Monday, 11 February 2013

Unite scientist challenges UN claims that there is little new agricultural land

Charlie Clutterbuck, who is an executive committee member on the Unite  Agricultural Workers National Committee, is mapping the Ribble and Calder Valleys in Lancashire and Yorkshire to highlight how the land there could be used to grow more food by prioritising fruit and vegetables.  

Clutterbuck aims to challenge government and United Nations reports that claim there is little new land worldwide for agriculture and that therefore farmers must raise yields on existing land without damaging the environment. The Food and Agriculture Organization of the United Nations calls this process “sustainable intensification” but critics say that is a contradiction in terms that can’t be achieved.

Clutterbuck, a former adviser on securing food supplies to the Department for Environment, Food and Rural Affairs Select Committee agreed there is no additional land for wheat or rape production in the UK. But he said: “There is land, much of it uncultivated and classed as waste, that could be – even helped by climate change – turned from grass to fruit and vegetable production.

“Victorian gardeners once grew pineapples in Cheshire, so change is possible. Scientific research should be directed towards strategies that seek to improve access to locally produced foods, which will also increase social cohesion between urban and rural dwellers.” 

Clutterbuck envisages grazing or pasture land for livestock and brownfield sites would be turned over to fruit and vegetables. The Ribble and Calder valleys are mainly used for grazing. Upland moorland would become forests with clearings for growing everything from herbs to strawberries. 

Clutterbuck has welcomed plans by the new owners of a 20-acre Yorkshire farm near Todmorden. Monica Murtagh and David Templeman are planting over 11,00 trees on sharply undulating land at Warland Farm. The joint project with not-for-profit re-forestation group Treesresponsibility could help combat the flash flooding that has hit Calder valley Towns such as Todmorden and Hebden Bridge. Trees soak up as much as 30 per cent of water and help bind together the soil to help prevent erosion and landslips. 

Coppice woodlands were once common in the UK, but today there is just 21,583 hectares of actively managed coppice.  The UK, with just 12% of land under woodland cover currently lags well behind the rest of Europe, where the average is 36%. 

The wood at Warland Farm will belong to the landowners. They intend using some for fuel and selling some of the rest. 

Wood will also be used in the woodwork shop currently under construction in one of the large barns. “People with traditional skills will be able to practice and pass on their skills, while also manufacturing products for sale,” said Murtagh.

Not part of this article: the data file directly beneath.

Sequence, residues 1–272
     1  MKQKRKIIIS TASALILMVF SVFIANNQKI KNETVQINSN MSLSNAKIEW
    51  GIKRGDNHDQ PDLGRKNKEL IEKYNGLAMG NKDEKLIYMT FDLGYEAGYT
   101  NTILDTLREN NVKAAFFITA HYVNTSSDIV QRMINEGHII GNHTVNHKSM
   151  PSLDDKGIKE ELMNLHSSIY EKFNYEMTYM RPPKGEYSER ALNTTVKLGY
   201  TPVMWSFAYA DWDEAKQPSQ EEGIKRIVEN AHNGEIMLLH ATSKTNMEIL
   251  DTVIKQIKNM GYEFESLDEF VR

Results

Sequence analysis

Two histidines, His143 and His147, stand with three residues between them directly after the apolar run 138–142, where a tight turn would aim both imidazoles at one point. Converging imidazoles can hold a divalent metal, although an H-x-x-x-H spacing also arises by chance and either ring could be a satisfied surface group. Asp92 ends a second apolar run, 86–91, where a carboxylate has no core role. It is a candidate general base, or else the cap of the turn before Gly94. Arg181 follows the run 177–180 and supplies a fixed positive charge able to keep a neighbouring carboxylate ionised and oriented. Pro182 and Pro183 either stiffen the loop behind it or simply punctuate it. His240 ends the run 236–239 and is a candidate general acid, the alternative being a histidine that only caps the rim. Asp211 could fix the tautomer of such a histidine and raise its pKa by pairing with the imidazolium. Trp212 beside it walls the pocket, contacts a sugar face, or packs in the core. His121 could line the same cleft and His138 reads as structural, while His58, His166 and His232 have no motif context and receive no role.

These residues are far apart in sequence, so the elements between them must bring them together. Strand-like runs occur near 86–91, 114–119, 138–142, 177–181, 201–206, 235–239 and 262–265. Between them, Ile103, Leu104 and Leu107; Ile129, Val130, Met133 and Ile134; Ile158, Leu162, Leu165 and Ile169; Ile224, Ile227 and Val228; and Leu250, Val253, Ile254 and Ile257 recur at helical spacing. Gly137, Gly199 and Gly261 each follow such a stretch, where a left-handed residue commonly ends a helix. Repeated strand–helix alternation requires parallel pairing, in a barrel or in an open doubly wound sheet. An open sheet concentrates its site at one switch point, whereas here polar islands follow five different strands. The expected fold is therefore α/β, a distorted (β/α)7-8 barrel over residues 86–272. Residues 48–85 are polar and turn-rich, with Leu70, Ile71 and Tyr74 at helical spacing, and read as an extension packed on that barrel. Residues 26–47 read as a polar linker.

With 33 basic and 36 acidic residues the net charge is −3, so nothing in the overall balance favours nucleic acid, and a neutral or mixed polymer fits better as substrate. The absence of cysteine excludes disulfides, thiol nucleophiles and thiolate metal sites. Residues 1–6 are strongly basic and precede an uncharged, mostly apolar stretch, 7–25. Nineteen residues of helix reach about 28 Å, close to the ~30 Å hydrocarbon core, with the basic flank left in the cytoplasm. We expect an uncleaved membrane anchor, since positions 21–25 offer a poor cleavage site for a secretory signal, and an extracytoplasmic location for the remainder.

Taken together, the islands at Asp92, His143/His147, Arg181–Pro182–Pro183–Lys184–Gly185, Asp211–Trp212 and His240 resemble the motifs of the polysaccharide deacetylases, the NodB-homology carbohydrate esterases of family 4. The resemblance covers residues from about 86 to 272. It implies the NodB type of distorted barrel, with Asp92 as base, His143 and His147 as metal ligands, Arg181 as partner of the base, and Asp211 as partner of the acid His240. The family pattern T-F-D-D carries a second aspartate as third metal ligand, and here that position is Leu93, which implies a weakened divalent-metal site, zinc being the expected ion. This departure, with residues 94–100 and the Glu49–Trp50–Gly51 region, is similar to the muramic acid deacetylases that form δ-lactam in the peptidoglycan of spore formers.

Templeman added: “Alongside tall apple, cherry, pear and hazelnut fruit trees that are nitrogen fixers, forest clearings will be used to grow gooseberries, raspberries, strawberries, herbs like thyme and sage, quince currants and common vegetables like asparagus and rhubarb. The major benefit of a  forest garden is that it consists of perennial plants and once they are settled the plants grow and bear more crops as the years pass. There’s less work as there’s no replanting, little tilling of the soil and no pulling out of dead plants. 

The biggest work of a forest garden lies in its design. If we get that right then the harvesting of the food is the biggest job. 
“We think we can grow food for 20 local families, who in return will contribute their time and labour.” 30 people have just attended an open day for those who might want to get involved. 

Clutterbuck said: “It would be great to see people follow David and Monica’s example. The land may be difficult to work but it is capable of producing food and habitation. There is a broad range of biological possibilities and that is the fun of gardening. Those farmers who currently get EU agricultural payments for just having land should be encouraged to grow fruit and vegetables, whilst public land could be utilised in a similar fashion to the Incredible Edible local food growing schemes on wasteland at Todmorden.” 

Clutterbuck has already mapped out 11 potentially useful local sites and more will follow. At Chorley, he has discovered there used to be 40 orchards; at Saltaire he has discovered allotments on many former brownfield sites; near Burnley land used for sheep is identified as once having grown oats or rye.

At Ilkley on Wheatley Lane he speculates whether part of the recreation ground next to Tesco could be used to grow vegetables for the store. “I’d hope to make the results widely available and if people would like to help they should go to my Look At The Land website,” said Clutterbuck.

A report written for the UK government’s Department for Business echoes the Food and Agriculture Organization of the United Nations call for higher yields on existing land.

The UK currently imports 40 per cent of its food. Prices have risen and some products are in short supply because of the bad weather over the summer. Meanwhile, the emergence of vast middle classes in China and India has increased competition for food-producing land.

For more see Charlie’s site at:-

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